As a modest contribution to the making of a green public sphere - the resilient green politics that Torgerson and so many others are seeking to foster on the theoretical level - I will consider the dilemmas of resistance in terms of cognitive praxis, so that we may better be able to distinguish the emerging culture from the residual cultural formations that threaten to capture or contain it. While the dominant culture with its commercialism and its acquisitive values tries to turn us all into salesmen and entrepreneurs, the residual cultural formations try to pull us back into older ways of practice and thought that are no longer relevant. We need to distinguish between the innovative mobilization of traditions and the reactionary fundamentalism of traditionalist belief. The use of traditions is always selective and requires, like the rest of social action, that we become conscious of our criteria of selection and reflective about our processes of knowledge-making. In what follows I...

Health and Energy Poverty

The Indian Renewable Energy Development Agency in the Ministry of New and Renewable Energy has been tasked with increasing the participation of poor rural women in integrated approaches to cooking and health. Equal access to credit and training is essential to ensure that clean energy and electricity supplies are available for women's domestic tasks and micro-enterprise activities. Micro-credit for women is still less widely available than in Bangladesh and Nepal, for example. The Indian Working Women's Forum is trying to change this and disbursed Rs 138 million ( 3.4 million) to women entrepreneurs in its 14 branches in Tamil Nadu, Karnataka and Andhra Pradesh between April 2005 and March 2006.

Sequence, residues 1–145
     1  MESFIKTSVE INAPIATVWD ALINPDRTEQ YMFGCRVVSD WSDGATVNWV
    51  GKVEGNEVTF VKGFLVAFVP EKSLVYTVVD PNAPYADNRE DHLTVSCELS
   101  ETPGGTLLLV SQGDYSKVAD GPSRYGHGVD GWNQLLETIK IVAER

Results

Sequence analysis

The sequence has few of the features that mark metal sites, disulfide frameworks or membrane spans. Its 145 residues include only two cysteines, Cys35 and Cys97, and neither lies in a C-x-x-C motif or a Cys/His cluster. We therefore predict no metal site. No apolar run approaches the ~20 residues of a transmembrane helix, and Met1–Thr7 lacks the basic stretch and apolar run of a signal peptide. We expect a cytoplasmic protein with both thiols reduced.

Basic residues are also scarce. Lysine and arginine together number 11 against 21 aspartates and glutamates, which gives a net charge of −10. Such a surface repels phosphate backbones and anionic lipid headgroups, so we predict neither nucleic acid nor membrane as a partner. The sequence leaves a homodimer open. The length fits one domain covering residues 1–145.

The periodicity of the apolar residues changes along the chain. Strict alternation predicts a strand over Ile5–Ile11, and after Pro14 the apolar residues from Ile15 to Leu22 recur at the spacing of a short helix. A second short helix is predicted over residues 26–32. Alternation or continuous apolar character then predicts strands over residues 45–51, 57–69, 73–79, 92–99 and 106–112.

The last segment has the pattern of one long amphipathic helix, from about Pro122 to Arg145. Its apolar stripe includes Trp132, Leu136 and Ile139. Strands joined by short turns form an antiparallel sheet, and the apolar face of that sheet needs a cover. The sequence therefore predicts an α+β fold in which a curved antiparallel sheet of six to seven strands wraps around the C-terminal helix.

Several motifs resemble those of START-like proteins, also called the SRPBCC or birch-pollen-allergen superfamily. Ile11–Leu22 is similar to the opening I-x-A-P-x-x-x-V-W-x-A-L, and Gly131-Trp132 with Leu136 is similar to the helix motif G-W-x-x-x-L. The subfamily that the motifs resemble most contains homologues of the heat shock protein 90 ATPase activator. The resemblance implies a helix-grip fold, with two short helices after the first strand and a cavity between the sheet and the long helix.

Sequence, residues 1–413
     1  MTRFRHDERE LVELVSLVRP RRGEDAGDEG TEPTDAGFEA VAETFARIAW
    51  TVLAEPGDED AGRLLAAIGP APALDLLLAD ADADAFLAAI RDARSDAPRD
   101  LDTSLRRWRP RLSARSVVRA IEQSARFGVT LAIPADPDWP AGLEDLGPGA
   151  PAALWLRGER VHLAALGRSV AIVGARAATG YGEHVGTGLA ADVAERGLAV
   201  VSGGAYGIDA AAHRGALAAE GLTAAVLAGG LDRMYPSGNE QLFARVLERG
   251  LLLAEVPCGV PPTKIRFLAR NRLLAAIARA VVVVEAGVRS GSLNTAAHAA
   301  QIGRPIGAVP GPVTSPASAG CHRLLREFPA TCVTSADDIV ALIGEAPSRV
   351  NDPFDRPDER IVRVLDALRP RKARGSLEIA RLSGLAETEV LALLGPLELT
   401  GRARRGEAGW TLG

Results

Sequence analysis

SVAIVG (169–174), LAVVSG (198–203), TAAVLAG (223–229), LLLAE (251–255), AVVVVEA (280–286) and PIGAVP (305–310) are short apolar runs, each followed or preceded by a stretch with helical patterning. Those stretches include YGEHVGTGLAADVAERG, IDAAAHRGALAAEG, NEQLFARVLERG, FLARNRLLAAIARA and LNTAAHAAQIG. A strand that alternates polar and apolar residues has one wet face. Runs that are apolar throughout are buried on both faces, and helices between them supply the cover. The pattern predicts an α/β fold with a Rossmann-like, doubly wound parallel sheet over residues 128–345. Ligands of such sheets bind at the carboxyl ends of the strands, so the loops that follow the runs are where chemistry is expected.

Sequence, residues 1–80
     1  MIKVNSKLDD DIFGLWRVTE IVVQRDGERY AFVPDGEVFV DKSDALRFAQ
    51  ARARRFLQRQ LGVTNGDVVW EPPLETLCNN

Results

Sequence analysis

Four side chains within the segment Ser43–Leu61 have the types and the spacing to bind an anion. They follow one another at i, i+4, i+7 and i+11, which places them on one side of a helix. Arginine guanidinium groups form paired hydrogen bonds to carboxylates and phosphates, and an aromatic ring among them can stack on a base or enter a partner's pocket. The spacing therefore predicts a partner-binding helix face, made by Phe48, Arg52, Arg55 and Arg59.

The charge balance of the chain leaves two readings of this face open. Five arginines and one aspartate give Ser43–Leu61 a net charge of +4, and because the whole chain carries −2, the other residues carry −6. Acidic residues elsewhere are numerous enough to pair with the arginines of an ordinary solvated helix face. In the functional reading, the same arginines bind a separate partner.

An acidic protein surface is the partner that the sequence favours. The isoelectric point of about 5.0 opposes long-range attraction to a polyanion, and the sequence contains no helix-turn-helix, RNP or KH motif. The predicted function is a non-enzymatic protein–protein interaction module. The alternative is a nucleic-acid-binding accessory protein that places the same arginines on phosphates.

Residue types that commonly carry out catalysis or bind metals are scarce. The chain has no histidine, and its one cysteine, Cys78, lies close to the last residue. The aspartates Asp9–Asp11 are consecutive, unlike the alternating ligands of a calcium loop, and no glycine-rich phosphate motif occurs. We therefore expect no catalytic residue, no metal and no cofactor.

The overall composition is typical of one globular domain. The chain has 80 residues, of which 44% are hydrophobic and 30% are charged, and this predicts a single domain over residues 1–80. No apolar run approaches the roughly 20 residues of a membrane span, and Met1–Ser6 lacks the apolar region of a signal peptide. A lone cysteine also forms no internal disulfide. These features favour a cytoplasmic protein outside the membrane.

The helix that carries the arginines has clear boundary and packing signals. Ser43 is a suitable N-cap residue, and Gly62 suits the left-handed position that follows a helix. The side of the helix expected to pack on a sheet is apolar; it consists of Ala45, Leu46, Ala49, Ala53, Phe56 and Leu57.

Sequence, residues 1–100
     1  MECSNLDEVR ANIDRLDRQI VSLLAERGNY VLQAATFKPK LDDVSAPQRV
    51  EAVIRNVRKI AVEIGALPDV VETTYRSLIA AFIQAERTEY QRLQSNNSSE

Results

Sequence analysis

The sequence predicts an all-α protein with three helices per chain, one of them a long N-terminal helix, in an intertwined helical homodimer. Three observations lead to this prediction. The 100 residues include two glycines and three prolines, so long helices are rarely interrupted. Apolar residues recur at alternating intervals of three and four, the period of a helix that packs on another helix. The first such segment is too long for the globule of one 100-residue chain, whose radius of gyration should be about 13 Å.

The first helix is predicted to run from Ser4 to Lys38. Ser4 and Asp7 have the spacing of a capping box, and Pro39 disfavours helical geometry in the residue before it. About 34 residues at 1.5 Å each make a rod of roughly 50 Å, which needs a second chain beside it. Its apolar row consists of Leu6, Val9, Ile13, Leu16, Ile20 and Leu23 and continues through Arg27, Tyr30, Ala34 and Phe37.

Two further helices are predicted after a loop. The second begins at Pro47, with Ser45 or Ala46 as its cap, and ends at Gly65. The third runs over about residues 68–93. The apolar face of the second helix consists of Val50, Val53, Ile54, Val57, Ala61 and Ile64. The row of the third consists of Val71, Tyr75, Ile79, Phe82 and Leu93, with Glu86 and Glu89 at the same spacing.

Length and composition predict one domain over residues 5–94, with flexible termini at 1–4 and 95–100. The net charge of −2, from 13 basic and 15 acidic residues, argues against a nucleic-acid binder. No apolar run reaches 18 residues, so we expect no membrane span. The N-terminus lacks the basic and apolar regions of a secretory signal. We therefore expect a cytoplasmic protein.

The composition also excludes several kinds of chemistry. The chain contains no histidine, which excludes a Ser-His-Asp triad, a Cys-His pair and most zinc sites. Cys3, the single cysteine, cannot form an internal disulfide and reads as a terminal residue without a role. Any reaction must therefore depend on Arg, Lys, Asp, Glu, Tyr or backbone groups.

Cape Wind A Case Study in the Politics of Technology Choice

Cape Wind is a proposed commercial venture to generate electricity from 130 wind turbines mounted in a small area of Nantucket Sound in Massachusetts, USA. The project is generally supported by the environmentalist movement. However, its opponents have also based their case on environmental values, arguing that it would desecrate an area of great natural beauty. Proponents argue that it is no longer possible to preserve nature through inaction if we are to slow climate change due to greenhouse gas emissions, nature must be altered in order to be saved. The controversy is being settled through elite conflict, between the corporate entrepreneur behind Cape Wind on one hand, and several millionaire residents of the South Shore of Cape Cod on the other, with little voice for the concerned public. This paper describes the conflict to date, and attempts to show how it might be handled better through a more participatory process, and through an orientation toward problem solving, rather than...